‘I’m so stressed!’: How to help yourself (and others!)
Monday, October 10th, 2022
As rewarding, exciting, and growth-inspiring as the College experience can be, sometimes stress and worry can feel like they’re overtaking even the most confident and organized among us. “Being busy” can be great … until it’s not.
Mahmood “Moh” Mohammad, PCA&D’s in-house counselor, has some ideas: Not only for how those of us who are stressed can find some ease, but also ways to help friends and others who feel like they’ve hit their limit. A graduate of Elizabethtown College, the Lancaster native earned his master’s degree in counseling and mental health from Villanova University and works as both a private counselor and the College’s in-house counselor for students.
“Most days, students have busy schedules going from classes, homework, activities, and tasks that need to be completed,” Mohammad notes. In observance of National Mental Health Day on Monday, Oct. 10, we asked him how we can recognize when we, or others, are stressed to an unhealthy degree; how to reduce that stress; and some ideas for preventing it from rearing its ugly head to begin with.
Common signs and unhealthy coping
How to know some common signs that stress is beginning to overtake you or a friend?
“Recognizing common signs of stress can help you understand the physical and emotional toll of stress, Mohammad says. “Some of the common physical signs of stress can include difficulty breathing, panic attacks, blurred eyesight or sore eyes, fatigue, muscle aches, headaches, chest pains, digestive issues, and sweating. Common emotional signs of stress can include emotional irregularities, being overwhelmed, easily triggered/angry, being unable to enjoy yourself, feeling down, uninterested in life, having a sense of dread, being worried/tense, and worsening existing mental health concerns.”
Sometimes, he says, that can lead to unhealthy ways of trying to cope with stress on our own: relying on substances, such as smoking, drinking, or using recreational drugs. “While recreational substances can offer immediate or short-term relief … it is only temporary,” he says, cautioning “and it can result in feeling more stressed.
“Other unhealthy coping strategies can include overspending, irregular eating habits, dismissing stressors such as schoolwork, roommate problems, or family problems, and procrastinating with social media, streaming services, or video games.
We all know how it feels: “In this moment, I am SO stressed!! What can I do to help myself right now?”
It sounds counterintuitive, Mohammad says, but it works: “The best thing you can do at the moment is to step back and take a break. … When you become overwhelmed by your routine … replenish your physical and emotional health by taking a walk, drinking water, and chatting with a friend.”
Reaching out to PCA&D resources
Everyone experiences stress in their own way, and it can look different for every person. However, Mohammad says, “students should consider reaching out for help once the stress begins to impact their day-to-day lives: having a hard time getting out of bed, being late to classes, and/or worsening existing mental health concerns.”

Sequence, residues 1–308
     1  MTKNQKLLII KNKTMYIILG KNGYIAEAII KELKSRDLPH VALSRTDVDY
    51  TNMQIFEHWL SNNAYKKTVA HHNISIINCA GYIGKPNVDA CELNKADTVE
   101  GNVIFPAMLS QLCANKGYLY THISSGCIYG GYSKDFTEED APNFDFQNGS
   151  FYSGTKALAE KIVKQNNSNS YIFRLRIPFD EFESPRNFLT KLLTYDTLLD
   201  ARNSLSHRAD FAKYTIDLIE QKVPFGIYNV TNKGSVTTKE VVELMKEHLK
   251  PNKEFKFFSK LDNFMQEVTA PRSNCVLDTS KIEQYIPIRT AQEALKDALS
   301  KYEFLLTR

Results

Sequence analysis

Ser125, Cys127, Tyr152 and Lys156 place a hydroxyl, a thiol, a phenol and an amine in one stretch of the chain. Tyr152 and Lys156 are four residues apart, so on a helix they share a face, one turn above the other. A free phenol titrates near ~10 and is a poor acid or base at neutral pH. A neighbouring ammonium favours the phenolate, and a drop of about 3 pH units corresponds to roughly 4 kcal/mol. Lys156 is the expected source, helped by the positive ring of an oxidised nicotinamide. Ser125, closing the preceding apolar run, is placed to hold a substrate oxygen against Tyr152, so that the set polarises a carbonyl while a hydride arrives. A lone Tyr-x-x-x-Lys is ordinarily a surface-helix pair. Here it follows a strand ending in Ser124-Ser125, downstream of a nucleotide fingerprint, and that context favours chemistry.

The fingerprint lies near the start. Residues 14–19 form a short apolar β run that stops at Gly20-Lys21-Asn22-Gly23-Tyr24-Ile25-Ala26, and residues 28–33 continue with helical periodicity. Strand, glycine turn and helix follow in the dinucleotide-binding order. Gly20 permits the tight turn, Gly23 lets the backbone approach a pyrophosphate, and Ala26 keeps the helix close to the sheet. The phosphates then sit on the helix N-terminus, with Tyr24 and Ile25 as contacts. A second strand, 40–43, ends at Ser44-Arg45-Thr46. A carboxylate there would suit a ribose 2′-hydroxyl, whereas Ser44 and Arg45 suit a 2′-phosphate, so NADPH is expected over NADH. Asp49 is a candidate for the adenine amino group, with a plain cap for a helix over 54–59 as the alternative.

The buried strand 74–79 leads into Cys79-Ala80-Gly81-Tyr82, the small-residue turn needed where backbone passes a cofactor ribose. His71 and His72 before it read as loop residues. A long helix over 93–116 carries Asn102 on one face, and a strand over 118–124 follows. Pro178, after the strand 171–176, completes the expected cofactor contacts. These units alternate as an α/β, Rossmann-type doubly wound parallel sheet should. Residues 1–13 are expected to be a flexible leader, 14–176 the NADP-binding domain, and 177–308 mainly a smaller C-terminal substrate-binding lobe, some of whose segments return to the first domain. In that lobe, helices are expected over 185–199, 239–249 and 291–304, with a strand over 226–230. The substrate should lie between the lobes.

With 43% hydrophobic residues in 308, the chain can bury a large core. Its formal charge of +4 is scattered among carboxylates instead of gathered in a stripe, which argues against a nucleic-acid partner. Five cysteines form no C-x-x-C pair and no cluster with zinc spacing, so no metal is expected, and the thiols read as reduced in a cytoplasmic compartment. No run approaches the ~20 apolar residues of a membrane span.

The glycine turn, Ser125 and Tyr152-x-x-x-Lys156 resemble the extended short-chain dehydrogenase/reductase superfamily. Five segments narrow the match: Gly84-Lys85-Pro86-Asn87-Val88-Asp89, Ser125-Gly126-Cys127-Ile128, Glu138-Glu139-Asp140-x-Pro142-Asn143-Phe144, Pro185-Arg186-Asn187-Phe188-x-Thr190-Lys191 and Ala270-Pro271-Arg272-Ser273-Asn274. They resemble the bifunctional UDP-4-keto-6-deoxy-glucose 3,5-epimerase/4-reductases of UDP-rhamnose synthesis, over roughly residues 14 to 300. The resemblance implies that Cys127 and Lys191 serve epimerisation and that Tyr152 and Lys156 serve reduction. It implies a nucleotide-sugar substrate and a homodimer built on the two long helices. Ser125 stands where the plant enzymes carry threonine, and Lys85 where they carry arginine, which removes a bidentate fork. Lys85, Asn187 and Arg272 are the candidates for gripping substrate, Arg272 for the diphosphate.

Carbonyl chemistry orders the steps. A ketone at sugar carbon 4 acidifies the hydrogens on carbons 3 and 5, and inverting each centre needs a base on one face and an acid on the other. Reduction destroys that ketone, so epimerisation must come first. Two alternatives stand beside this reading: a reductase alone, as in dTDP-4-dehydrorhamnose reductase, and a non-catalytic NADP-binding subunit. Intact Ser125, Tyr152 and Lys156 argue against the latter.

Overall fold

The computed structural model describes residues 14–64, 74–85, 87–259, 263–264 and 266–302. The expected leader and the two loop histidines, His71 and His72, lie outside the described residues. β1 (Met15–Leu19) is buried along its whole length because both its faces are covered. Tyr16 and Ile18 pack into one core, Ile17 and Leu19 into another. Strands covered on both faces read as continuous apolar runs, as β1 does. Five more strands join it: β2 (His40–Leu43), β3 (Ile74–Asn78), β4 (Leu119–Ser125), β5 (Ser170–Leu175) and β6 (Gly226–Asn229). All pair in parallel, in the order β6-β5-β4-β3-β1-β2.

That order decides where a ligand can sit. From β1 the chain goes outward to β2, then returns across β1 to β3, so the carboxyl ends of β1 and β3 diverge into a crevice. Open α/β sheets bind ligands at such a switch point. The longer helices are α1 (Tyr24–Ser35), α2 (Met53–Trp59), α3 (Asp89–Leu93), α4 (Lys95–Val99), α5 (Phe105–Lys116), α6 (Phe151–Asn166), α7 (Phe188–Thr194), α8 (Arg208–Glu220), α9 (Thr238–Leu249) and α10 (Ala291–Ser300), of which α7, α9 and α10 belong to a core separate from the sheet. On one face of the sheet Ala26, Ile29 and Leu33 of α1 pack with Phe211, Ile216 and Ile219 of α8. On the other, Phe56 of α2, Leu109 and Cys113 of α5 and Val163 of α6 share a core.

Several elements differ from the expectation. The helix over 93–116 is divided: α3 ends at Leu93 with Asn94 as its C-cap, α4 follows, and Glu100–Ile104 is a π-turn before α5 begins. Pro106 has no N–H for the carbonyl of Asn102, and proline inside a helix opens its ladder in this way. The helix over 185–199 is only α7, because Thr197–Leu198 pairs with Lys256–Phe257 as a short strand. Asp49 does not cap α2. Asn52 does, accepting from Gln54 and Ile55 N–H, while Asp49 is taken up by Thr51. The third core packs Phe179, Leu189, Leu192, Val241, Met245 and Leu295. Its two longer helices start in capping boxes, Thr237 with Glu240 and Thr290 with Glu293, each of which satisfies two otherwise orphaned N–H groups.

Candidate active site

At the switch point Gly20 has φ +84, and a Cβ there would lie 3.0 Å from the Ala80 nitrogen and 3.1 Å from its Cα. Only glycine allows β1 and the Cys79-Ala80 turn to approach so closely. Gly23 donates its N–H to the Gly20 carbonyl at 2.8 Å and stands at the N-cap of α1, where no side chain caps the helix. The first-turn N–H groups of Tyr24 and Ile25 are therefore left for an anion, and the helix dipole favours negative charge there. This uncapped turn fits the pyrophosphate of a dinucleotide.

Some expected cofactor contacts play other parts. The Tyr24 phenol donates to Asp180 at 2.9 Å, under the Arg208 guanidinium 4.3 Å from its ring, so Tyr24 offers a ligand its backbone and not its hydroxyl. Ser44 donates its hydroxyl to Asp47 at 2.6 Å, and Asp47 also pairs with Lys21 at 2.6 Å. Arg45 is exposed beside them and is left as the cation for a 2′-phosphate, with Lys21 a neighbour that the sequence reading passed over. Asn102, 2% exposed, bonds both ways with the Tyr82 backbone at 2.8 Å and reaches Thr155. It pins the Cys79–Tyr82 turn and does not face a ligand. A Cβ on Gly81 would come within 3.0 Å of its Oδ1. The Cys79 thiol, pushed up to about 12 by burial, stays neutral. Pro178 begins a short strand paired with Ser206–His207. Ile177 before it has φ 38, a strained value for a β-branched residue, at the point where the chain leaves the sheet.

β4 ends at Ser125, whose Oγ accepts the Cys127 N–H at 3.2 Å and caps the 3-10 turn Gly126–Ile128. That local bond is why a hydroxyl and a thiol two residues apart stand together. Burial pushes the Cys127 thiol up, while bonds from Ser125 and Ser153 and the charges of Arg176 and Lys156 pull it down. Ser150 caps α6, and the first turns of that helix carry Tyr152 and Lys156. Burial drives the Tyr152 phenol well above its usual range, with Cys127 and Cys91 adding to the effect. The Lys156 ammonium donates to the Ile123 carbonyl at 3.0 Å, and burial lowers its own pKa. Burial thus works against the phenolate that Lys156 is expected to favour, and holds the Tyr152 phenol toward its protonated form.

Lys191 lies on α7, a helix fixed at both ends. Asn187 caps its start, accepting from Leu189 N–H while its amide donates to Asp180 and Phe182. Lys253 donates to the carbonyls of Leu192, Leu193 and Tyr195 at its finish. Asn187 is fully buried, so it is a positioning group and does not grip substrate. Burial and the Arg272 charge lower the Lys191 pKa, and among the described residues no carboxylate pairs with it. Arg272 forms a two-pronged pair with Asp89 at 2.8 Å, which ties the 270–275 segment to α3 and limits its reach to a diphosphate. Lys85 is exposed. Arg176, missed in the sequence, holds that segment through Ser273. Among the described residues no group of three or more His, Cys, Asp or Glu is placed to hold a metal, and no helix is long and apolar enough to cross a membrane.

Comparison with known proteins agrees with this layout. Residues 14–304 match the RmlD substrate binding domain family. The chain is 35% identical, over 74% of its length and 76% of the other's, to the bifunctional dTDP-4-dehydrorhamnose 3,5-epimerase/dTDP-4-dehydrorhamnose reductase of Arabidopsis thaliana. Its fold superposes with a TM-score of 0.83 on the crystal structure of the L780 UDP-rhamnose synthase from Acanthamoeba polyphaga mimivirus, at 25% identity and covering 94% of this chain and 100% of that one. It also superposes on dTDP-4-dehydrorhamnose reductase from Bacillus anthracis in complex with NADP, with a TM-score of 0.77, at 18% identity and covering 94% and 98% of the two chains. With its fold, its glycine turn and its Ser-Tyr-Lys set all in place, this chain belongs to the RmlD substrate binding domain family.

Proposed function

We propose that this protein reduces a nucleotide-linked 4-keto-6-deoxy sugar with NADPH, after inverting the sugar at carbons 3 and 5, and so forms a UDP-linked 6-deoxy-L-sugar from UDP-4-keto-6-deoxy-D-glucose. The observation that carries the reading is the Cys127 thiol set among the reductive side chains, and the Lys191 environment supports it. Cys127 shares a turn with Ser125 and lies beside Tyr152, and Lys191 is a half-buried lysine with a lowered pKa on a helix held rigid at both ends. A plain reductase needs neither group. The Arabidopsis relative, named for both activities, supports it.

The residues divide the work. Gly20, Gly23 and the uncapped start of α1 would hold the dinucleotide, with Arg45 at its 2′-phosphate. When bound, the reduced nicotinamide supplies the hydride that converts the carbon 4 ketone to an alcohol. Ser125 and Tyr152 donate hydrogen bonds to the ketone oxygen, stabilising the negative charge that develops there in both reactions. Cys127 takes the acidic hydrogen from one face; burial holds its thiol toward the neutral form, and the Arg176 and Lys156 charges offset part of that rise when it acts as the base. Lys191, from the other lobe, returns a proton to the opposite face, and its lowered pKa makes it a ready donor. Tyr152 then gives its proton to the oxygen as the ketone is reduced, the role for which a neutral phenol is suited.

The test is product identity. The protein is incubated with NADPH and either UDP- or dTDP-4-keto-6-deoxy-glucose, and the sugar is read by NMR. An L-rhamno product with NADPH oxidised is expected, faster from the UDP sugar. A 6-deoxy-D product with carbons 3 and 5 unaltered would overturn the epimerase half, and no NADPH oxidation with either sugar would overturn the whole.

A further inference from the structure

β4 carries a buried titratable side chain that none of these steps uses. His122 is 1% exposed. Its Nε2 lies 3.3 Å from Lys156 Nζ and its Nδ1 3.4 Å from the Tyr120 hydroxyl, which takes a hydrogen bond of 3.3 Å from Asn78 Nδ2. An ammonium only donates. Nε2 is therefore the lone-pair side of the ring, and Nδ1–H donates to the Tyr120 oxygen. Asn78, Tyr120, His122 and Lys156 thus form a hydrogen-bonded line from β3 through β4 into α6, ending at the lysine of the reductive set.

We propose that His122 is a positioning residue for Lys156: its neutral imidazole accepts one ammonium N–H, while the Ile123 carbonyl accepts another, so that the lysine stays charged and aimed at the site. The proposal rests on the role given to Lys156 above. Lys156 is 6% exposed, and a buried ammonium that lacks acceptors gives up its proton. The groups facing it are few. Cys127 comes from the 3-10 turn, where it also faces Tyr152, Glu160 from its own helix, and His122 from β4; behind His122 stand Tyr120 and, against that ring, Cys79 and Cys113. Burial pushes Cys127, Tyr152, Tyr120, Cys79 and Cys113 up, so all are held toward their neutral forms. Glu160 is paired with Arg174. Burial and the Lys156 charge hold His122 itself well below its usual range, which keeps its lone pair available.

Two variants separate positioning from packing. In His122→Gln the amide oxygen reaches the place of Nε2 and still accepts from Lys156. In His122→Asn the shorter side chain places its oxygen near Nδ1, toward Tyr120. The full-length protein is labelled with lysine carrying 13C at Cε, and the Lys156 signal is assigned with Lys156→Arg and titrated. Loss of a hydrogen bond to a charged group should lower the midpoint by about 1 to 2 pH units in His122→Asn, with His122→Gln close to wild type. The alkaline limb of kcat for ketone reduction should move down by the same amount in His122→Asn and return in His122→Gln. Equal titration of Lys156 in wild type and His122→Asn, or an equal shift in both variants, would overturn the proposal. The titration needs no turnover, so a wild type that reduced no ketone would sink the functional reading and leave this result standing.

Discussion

There are resources for PCA&D students to seek and find help, Mohammad says. Consider reaching out to your instructor or professor to help you manage your homework stress. It can include asking for further assistance or additional time to complete your project. Another resource is Maria Provencher, Dean of Students, who can share available resources such as drop-in counseling hours. PCA&D also sponsors a weekly support group, for students, Lyceum, which meets Tuesday evenings at 7 pm in Room 100. There, participants discuss topics such as stress, mindfulness, and managing college stress. Student Life also sponsors Ustudio programs and other mental health supports.
Wondering how friends who are in school with you can offer support?
“Friends,” Mohammad says, “are part of any college student’s support system. Therefore, there are ways in which you can support a friend in need. It can include:
- Choosing your words carefully: For example, say “I’m here for you,” “I’m sorry to hear you feel stressed, how can I help?” and “things can get better.”
- Making life a little easier for your friend: offering them some water, bringing your friend a nourishing meal, and getting them to go on a walk with you.
- Have some fun! Laughing and having fun can help decrease physical and emotional stress in the body by releasing endorphins to counteract the negative effects of stress
- Keeping an eye on your friend. Most stress episodes resolve themselves, but they can also trigger or indicate a bigger issue. If you find yourself in this predicament, encourage your friend to seek help.
To help a long-distance friend deal with stressful situations consider checking in on them periodically and letting them know you are here to support them. “One of my personal favorite ways to help long-distance friends is to send them a funny picture/meme and FaceTime them when it is appropriate” Mohammad suggests. “You can also send them a gift (hopefully a practical gift) to lighten their mood. Finally, make a plan to visit your friend.”
Share this article with a friend